CAMBRIDGE, Mass. — Harvard is investigating its longtime fencing coach after learning that he sold his house for a vastly inflated price to the father of a current student, shortly before the student was admitted.
The inquiry into the coach, Peter Brand, comes as universities around the country are scrambling to respond to a sweeping investigation of college admissions fraud, which has raised questions about athletic recruitment and whether coaches have enriched themselves by essentially selling recruiting slots.
The United States attorney’s office in Boston has charged 50 people in the case, including eight coaches and 33 parents, among them Hollywood celebrities and prominent business people.
Harvard has so far not been tied to the scandal in court documents. A university official said in an email to students and faculty members on Thursday that she did not believe the circumstances surrounding Mr. Brand, first reported by The Boston Globe, were connected to that case.
In 2016, Mr. Brand sold his house in Needham, a suburb of Boston, to Jie Zhao, whom The Globe described as a wealthy Maryland businessman. At the time, Mr. Zhao’s older son was a student at Harvard and on the fencing team, and his younger son was still in high school. Mr. Zhao paid $989,500, some $400,000 more than the assessed value at the time, which was $549,300.
“Place is vintage 1960s in bad shape,” the town’s assessor wrote when he inspected the house after the sale. “Makes no sense.”
Shortly after, Mr. Zhao’s younger son was admitted to Harvard, where he is currently a sophomore and at least until recently was on the fencing team, according to a profile that was recently deleted from the website for Harvard’s sports teams. He is no longer listed as a member of the team.
A spokeswoman for Harvard, Rachael Dane, said that the university was unaware of the circumstances surrounding the sale until asked about it by The Globe, and that it was now conducting an independent review.
“We are committed to ensuring the integrity of our recruitment practices,” she said.
Ms. Dane would not confirm whether Mr. Zhao’s younger son was in fact recruited by Mr. Brand, although the brothers were referred to as student-athletes in the email sent to students and faculty members on Thursday.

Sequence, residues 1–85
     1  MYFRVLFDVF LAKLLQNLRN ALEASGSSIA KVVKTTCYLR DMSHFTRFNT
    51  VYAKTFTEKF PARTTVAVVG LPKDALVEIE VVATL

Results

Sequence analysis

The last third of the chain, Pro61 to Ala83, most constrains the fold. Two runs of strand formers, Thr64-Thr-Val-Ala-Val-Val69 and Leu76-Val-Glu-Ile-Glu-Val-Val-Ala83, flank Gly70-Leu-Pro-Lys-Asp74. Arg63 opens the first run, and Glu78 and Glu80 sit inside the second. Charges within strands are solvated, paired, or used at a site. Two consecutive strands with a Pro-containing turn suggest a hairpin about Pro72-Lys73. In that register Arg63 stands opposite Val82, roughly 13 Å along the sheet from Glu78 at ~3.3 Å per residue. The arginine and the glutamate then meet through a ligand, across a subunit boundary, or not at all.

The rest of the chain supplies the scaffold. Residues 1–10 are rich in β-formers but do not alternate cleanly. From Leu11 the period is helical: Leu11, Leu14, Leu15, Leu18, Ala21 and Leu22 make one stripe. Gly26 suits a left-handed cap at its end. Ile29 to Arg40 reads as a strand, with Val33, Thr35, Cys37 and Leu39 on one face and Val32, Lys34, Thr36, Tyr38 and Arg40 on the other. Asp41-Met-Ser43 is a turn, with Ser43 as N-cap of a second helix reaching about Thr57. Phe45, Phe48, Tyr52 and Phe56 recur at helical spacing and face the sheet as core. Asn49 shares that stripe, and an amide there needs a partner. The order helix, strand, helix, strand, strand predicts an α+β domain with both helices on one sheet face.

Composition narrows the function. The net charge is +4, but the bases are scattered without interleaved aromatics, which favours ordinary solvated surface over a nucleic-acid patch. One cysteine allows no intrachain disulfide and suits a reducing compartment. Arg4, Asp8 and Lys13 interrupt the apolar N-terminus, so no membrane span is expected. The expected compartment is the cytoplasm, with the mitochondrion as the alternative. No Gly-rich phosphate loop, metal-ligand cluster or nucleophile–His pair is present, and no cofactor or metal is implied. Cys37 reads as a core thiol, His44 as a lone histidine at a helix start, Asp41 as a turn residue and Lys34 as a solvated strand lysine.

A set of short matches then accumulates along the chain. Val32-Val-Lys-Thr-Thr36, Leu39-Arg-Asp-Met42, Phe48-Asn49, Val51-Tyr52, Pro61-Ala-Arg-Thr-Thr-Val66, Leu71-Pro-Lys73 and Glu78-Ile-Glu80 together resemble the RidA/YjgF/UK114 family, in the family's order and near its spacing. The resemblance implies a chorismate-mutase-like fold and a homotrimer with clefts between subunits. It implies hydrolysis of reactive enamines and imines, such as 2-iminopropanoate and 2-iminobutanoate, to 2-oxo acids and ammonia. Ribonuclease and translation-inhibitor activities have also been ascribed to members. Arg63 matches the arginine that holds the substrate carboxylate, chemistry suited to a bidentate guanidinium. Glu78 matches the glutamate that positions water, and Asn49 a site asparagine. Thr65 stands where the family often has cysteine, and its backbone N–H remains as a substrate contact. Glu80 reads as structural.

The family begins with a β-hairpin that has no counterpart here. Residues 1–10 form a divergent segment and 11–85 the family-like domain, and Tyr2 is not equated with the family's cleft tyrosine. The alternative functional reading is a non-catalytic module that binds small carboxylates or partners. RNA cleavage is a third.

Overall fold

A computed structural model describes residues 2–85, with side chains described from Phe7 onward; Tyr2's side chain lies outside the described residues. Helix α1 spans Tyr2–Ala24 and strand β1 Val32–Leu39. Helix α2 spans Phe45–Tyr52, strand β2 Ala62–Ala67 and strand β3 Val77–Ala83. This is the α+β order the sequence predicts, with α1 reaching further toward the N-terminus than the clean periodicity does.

In the email, Claudine Gay, the dean of the Faculty of Arts and Sciences, wrote that Harvard’s athletic recruitment practices were different from those of some other schools. The applications of student recruits are reviewed by the full admissions committee, which has roughly 40 members, and admissions decisions are made by a vote of the whole committee. Also, she said, all recruited athletes had to be interviewed by an admissions officer or alumni interviewer.
At this stage of the investigation into Mr. Brand, she said, there was a lot the university did not know yet.
“Regardless of what we eventually learn about these allegations, this is not a time for complacency,” she wrote. “Where there are opportunities to clarify practices and strengthen procedures, we must act on them, and do so with a sense of urgency.”
The university’s admissions practices have been under scrutiny for months. A lawsuit charging Harvard with discriminating against Asian-American applicants went to trial in October. In the process of defending itself, Harvard was forced to reveal many admissions secrets, including the advantages given to students whose parents went to Harvard, relatives of donors and recruited athletes. Documents showed that in recent years the admission rate of recruited athletes was 86 percent. A judge has not yet ruled in the lawsuit.